Sydney: Asian markets were thrown a lifeline on Thursday when surprisingly strong data on China's huge manufacturing sector helped offset rising U.S. bond yields, lifting currencies and shares from deep early lows.
Assets across the region had been under heavy pressure after minutes from the Federal Reserve's July policy meeting showed it was still on track to start tapering stimulus as early as next month, sending Treasury yields to two-year highs.
But hopes for a pick-up in China were rekindled when HSBC said its preliminary purchasing managers' index rose to 50.1 in August, a five-month high and just above the 50 level that separates growth from contraction.
"This is mainly driven by the initial filtering-through of recent fine-tuning measures and companies' restocking activities, despite the continuous external weakness," said Hongbin Qu, chief China economist at HSBC.
"We expect further filtering-through, which is likely to deliver some upside surprises to China's growth in the coming months."
The prospect of an improvement in the world's second biggest economy helped Shanghai shares recoup early losses to trade 0.4 percent firmer. Japan's Nikkei clawed its way back to flat having been down over 1.3 percent.
Also helping was a Reuters poll showing Japanese manufacturers' optimism improved to the highest level in three years, as a weak yen boosted earnings for exporters of textiles, chemicals, steel and other metals.
Elsewhere in the region shares were still down, but off their lows. The MSCI's index of Asia-Pacific shares outside Japan was 0.7 percent easier, while Korean stocks halved their losses to be down 0.5 percent.
The Philippine market, which had been closed by bad weather the last few days, caught up with the action by shedding 6.6 percent.
The upbeat Chinese news also helped lift the Australian dollar half a cent to USD0.8990. Around 70 percent of Australia's exports go to Asia and its currency is free- floating and liquid, so investors often use it as a proxy against emerging market risk.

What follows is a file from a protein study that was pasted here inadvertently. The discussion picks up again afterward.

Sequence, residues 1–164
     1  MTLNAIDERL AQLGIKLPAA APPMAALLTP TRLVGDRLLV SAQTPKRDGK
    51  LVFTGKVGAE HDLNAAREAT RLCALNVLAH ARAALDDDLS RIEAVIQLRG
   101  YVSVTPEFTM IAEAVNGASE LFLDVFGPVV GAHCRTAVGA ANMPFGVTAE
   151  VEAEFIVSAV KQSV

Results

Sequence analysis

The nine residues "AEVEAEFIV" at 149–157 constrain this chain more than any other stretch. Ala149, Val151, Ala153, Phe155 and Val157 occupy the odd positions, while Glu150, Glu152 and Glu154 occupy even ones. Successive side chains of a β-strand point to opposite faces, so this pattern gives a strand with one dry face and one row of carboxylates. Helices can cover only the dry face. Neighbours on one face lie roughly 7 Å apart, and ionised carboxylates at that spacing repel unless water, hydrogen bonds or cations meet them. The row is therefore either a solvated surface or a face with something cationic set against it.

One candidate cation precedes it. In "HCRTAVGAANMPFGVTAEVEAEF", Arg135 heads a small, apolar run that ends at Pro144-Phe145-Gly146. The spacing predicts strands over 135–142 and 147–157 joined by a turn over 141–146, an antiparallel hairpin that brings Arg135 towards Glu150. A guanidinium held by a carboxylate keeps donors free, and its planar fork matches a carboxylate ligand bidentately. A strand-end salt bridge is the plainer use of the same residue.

Other currencies in the region also benefited, though most remained down on the day. Malaysia's ringgit fell to its lowest in more than three years before steadying somewhat at 3.3145 per dollar.
WATCHING US YIELDS
Markets from India to Indonesia have been under intense stress from expectations Western investors will repatriate funds now that yields at home are rising.
Expectations of economic recovery in the United States and Europe also tends to make assets there more attractive, heightening the competition for global savings.
The prospect of the Fed tapering its stimulus in the next few months sent 10-year U.S. Treasury yields up to 2.92 percent, a level last seen in July 2011. The break of a major chart bulwark at 2.90 percent could see the market quickly test 3 percent, which itself is a huge psychological marker.
Treasury yields tend to set the benchmark for borrowing costs across the globe, so the rise will make it more difficult for indebted countries and companies to pay their bills.
"Given that the recent capital outflows have been mainly triggered by yield differentials, the higher Treasury yields mean that there is unlikely to be a quick turnaround in Asian currencies, especially those economies with current account deficits," said Frances Cheung, a strategist with Credit Agricole in Hong Kong.
She listed India, Indonesia, Malaysia and Thailand as the most vulnerable. "The story about capital outflows could persist for a while."
The prospect of further increases in U.S. yields gave the U.S. dollar a lift across the board. The euro was back at USD1.3338, from a high of USD1.3452 on Wednesday, while the dollar pushed higher to 98.20 yen.
The dollar index, which measures the greenback versus a basket of six currencies, rose to 81.493, from a low of 80.896.
Commodities rallied in the wake of the Chinese data. Gold was hovering at USD1,364.36 an ounce and copper bounced 1 percent to USD7,332.0 a tonne.
U.S. crude oil futures were off a slim 6 cents at USD103.78 a barrel, while Brent crude oil eased 22 cents to USD109.59.
First Published: Thursday, August 22, 2013, 09:33